Can I sue the seller or finance people for not disclosing information on the sellers house having a lien?

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Can I sue the seller or finance people for not disclosing information on the sellers house having a lien?

My wife and I were recently buying a house
that was contingent on us selling our house.
All was well and got a buyer for our house
and had appointments set up to close on both
houses back to back, however, 3 hours prior
to the closings we were informed by our
financial lady that the house we were buying
had a lien attached to it and we were going
to be unable to purchase the home. I would
like to sue for moving costs and appraisals
fees and everything associated with
purchasing a house plus for all of our pain
and suffering with all the inconvenience.

Asked on July 26, 2016 under Real Estate Law, Alabama

Answers:

SJZ, Member, New York Bar / FreeAdvice Contributing Attorney

Answered 4 years ago | Contributor

You can sue based on fraud IF the seller knew about the lien: if he or she knew but failed to disclose such a material (important) fact, that is fraud, and fraud will provide a basis to collect compensation. (Note: there is generally no compensation for "pain and suffering" in cases like this--the law doesn't compensate you for your time, frustration, emotional upset, etc. You can get compensation for actual losses, like moving costs, expenses spent on the purchase, costs to rent somewhere else if you now have to, etc.)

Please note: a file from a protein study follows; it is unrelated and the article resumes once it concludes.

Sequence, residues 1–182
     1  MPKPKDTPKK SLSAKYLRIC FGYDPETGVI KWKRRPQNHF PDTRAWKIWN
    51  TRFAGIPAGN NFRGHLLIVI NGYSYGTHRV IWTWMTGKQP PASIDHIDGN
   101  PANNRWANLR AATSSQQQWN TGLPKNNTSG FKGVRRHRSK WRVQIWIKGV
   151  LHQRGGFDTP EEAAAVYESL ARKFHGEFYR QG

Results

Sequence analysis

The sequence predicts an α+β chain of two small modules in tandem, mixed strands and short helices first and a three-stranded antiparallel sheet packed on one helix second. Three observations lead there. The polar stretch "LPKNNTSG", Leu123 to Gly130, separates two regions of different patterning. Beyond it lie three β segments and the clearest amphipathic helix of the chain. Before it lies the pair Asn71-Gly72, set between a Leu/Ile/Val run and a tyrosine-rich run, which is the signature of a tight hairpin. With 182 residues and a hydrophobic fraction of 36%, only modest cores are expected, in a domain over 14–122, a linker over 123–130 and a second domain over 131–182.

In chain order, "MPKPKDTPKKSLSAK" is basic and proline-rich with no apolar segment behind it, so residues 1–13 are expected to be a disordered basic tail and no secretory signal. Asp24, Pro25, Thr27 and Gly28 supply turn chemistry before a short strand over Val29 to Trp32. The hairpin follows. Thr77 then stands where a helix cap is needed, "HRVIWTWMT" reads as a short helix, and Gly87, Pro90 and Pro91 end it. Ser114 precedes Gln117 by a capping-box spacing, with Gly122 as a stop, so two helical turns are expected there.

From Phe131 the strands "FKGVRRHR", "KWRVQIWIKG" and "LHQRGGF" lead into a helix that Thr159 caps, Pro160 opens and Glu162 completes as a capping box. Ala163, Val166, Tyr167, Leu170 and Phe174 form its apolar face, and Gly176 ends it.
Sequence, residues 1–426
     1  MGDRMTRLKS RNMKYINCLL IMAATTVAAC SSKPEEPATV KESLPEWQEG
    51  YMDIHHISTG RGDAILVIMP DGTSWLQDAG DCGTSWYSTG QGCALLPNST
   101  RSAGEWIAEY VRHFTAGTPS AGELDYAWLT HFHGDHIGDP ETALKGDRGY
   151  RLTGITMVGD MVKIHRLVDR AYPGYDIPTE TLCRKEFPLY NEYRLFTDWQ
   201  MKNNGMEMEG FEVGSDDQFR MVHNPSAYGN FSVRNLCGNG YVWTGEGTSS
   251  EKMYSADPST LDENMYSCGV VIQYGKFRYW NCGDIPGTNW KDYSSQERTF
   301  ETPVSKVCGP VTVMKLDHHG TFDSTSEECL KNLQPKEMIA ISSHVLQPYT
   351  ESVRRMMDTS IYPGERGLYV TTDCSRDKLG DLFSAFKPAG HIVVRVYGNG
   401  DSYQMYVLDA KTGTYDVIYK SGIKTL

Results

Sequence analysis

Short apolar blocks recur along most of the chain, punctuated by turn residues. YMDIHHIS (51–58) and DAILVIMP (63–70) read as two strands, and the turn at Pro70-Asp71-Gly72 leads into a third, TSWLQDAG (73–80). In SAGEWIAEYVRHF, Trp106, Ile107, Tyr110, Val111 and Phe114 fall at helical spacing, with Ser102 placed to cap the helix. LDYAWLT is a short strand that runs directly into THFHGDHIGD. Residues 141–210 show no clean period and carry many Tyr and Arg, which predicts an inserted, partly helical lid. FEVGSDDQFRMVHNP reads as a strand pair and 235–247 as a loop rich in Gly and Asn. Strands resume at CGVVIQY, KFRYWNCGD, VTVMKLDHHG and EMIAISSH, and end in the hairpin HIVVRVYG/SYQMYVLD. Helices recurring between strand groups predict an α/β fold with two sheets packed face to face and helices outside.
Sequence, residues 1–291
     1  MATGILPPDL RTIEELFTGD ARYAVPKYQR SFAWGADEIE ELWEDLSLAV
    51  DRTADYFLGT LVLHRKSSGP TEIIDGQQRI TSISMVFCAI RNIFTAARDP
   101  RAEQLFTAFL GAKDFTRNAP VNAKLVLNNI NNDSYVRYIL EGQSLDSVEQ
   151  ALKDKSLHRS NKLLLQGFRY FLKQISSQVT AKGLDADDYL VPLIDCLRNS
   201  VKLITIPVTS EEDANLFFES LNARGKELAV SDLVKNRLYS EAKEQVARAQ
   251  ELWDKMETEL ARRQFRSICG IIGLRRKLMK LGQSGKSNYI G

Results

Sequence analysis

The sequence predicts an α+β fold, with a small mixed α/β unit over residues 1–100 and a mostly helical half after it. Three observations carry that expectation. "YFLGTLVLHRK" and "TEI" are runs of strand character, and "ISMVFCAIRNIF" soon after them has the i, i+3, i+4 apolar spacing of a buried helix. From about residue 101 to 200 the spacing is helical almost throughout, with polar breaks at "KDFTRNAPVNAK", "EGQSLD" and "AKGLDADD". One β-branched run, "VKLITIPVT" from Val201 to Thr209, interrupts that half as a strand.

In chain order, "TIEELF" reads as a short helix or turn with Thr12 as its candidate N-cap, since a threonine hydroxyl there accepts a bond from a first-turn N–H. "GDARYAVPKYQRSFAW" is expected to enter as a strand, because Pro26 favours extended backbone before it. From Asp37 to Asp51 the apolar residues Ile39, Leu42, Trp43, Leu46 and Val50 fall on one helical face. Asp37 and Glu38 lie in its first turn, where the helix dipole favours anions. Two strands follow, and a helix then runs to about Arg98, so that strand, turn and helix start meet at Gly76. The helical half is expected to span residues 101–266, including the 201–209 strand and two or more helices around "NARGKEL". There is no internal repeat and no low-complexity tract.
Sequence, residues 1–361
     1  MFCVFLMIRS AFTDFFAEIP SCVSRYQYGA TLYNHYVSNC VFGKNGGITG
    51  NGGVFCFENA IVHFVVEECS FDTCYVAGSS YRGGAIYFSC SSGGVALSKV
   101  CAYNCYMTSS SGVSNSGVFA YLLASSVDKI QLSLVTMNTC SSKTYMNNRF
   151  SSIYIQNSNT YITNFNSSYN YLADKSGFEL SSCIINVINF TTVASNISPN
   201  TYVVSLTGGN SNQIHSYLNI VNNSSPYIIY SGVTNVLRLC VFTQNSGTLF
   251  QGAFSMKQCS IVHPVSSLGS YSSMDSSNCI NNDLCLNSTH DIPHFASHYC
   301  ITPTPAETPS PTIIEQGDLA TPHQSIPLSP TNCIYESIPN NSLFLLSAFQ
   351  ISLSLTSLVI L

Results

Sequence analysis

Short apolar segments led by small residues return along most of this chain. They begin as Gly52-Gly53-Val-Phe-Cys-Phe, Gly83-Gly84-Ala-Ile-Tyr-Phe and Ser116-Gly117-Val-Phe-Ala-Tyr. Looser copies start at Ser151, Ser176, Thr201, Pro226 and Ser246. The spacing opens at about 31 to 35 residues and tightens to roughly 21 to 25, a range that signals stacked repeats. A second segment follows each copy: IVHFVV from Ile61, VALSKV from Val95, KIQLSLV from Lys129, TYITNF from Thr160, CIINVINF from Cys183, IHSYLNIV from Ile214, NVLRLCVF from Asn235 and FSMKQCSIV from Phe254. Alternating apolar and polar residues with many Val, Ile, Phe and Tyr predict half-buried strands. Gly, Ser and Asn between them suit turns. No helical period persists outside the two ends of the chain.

But the seller's liability is dependent on their knowledge: if they did not know about the lien, which is possible if, for example, they were sued by someone and the lawyer filed a lien against them but failed to provide them good notice, or if a contractor filed a lien for lack of payment without providing proper notice, they would not be liable, since without knowledge, they did not lie and did nothing wrong. (It is also possible if, as rarely but occasionally does happen, the lien was recorded in error against them--i.e. there should be no lien, which is why did not know of one, but somewhere, someone made a mistake and recorded a lien vs. their home.) So if they can show that they did not in fact know of the lien, they would not be responsible for your costs, etc.
If you did a title search or purchased title insurance and the title company failed to find the lien, you may also be able to sue them for their negligence, or carelessness.


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